DEV Community πŸ‘©β€πŸ’»πŸ‘¨β€πŸ’»

Michael Bazile
Michael Bazile

Posted on • Updated on

Don't let your app combust, just use Redux.

Good afternoon! Or maybe it's good morning? Yeah I'm not entirely sure what time you're reading this, nevertheless, I hope you are doing well and being safe. If you did decide to click this link, I'm assuming that you are looking to get a better understanding of what Redux is all about. Well, my friend, you have come to the right spot. After reading this blog I hope you leave will at the very least a baseline understanding as to what Redux is all about. Let's not waste any more time and jump right into it shall we?

So, first things first, what the heck is a Redux? Great question. Redux is an open-source JavaScript library for managing application state. One great thing about Redux is the fact that is framework agnostic. That simply means that it does not matter what front-end frame work you choose to work with, Redux does not discriminate and will work with a plethora of different ones. Frameworks like React, Angular, Vue, Backbone, and Ember just to name a few.

Coming straight from Redux's documentation, Redux is a predictable state container for JavaScript apps. It helps you write applications that behave consistently, run in different environments (client, server, and native), and are easy to test. The whole purpose of Redux is to take the onus off of each component in an application to internally manage their state own state and in return have state shared by all components from one centralized location. Having each component manage state isn't necessarily a bad thing at all, it can just get difficult the bigger your application grows to keep track and manage application state in each individual component. In comes Redux.

The logic behind how Redux works can be broken up into three main concepts which are the store, actions, and reducers. First up let's talk about the store.

When referring to the store, you can think of it as a single immutable JavaScript object that includes the state of the entire application. There should only ever be a single store in an application, and that one store will be the place every component goes to to either update the current state or simply get data from the current state. One important thing to note is that the store object is never mutated directly. Instead in order to update the current state you use a function called a reducer that takes in the current state and an action as parameters. Which leads us to our next core concept, which are actions.

Actions are the only way to change the current state by informing the store that an event just took place (A user clicked a button, a form was submitted, an HTTP request has resolved). An action is simply an object that has two properties, type and payload. The type property indicates how the state should change and it's always required by Redux. The payload property instead describes what should change, and might be omitted if you don't have new data to save in the store. Great! We now know the store is where the state of the application is stored, and actions are how we alert the store to update and modify that state, the last step is to respond to that action using a reducer.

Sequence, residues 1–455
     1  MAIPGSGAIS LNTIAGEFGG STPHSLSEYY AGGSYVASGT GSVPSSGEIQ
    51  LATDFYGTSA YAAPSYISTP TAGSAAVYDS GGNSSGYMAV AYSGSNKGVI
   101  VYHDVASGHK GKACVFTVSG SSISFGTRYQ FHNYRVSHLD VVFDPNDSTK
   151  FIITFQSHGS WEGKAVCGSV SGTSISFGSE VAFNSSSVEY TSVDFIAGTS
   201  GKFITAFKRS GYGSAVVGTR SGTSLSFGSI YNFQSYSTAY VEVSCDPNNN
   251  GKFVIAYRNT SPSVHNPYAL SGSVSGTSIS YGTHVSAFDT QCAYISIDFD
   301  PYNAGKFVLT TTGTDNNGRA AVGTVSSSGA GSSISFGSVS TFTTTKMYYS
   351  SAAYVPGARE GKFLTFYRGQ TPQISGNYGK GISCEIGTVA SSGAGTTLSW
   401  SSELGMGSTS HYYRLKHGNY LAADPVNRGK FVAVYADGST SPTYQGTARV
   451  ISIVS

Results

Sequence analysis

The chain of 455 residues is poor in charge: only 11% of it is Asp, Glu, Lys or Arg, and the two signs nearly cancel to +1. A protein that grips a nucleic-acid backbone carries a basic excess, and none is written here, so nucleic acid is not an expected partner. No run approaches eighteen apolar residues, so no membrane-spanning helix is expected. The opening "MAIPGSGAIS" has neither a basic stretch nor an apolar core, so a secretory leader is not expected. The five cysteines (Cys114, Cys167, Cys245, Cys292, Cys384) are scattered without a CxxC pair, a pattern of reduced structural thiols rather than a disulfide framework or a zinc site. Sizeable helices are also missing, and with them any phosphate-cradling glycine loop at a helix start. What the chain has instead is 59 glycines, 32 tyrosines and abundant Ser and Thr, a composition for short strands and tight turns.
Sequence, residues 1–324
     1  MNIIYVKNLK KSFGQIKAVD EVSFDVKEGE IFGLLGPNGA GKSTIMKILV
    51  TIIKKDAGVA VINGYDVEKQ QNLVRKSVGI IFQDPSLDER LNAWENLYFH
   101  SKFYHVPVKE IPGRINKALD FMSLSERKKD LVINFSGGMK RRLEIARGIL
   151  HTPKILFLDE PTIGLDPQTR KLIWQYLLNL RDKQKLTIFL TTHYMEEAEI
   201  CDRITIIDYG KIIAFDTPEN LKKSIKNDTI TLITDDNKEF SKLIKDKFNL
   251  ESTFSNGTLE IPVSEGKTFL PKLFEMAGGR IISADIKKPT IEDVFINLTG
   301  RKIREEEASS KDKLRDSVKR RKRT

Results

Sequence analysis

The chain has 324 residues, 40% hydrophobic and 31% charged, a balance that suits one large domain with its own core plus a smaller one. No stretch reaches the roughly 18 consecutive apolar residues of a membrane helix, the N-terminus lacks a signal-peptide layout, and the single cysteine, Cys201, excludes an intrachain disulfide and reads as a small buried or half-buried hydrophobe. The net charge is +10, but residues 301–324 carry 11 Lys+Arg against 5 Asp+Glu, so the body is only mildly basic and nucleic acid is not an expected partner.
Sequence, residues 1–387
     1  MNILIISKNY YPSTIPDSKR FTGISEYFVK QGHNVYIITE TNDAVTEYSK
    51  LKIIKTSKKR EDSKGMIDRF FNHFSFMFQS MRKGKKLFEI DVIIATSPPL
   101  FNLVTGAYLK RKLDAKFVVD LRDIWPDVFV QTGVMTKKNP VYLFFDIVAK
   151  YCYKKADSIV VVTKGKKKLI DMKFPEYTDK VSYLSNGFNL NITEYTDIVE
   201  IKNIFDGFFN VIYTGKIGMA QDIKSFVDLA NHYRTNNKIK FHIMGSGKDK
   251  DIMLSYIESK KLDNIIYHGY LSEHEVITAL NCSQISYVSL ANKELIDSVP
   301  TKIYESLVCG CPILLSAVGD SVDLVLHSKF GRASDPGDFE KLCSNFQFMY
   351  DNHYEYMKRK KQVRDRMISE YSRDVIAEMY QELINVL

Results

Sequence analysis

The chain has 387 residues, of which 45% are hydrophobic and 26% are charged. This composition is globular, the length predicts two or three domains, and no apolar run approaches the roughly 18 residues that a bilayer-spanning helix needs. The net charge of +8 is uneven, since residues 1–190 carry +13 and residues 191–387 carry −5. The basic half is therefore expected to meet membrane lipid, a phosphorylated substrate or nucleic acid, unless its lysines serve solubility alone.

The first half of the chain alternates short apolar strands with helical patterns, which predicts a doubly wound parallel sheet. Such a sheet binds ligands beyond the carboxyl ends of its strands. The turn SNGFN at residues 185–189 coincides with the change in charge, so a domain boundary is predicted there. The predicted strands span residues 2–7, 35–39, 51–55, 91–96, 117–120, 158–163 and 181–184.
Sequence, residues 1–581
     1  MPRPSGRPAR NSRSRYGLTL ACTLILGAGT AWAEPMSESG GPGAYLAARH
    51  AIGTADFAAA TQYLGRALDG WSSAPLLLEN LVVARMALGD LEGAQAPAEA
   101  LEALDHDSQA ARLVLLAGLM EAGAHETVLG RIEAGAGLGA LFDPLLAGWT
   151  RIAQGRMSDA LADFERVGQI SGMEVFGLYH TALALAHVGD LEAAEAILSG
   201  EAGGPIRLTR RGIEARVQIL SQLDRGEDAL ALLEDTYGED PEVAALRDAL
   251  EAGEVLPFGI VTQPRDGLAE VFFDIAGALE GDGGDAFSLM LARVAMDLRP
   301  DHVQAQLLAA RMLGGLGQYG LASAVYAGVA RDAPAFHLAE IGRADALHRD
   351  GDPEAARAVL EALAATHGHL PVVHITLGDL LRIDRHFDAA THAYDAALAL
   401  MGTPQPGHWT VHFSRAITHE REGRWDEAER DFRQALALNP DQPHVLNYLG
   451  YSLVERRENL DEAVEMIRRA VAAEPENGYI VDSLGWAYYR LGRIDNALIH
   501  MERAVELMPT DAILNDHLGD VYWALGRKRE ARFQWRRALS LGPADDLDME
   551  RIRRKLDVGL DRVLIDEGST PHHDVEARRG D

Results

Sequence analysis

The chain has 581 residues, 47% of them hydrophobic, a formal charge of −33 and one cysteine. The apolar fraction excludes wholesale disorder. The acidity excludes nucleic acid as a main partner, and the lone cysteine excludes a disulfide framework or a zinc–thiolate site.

Reducers specify how the application's state changes in response to actions sent to the store. Remember that actions only describe what happened, they do not describe how the application state changes. You can think of reducers as being a type of event handler, where actions are the actual event.

Reducers are just functions that take in two parameters, which are the current state and an action. Reducers are extremely important because if you remember from earlier, the store object is immutable and cannot be modified directly. Reducers remedy this by simply being a pure function. Pure functions are functions that always return the same result if the same arguments are passed in and do not cause side effects. It does not depend on any state, or data, change during a program’s execution. It must only depend on its input arguments. This is perfect when using reducers because we can update the state of our application based on an action without having to directly mutate the store object directly. We can make a copy of the current state, mutate the copy, then return that object to represent the new current state of our application.

So to conclude, I hope after reading this blog you got a better understanding of what Redux is and why it can be useful in your next project. It may not always be as useful in smaller projects, however if you ever get involved in a bigger project, Redux may be the saving grace. Also many jobs require that you know Redux in order to be considered to be hired. For whatever reason you may have, if you do not want your app to combust I would suggest using Redux. Until next time!

Top comments (0)

🌚 Friends don't let friends browse without dark mode.

Sorry, it's true.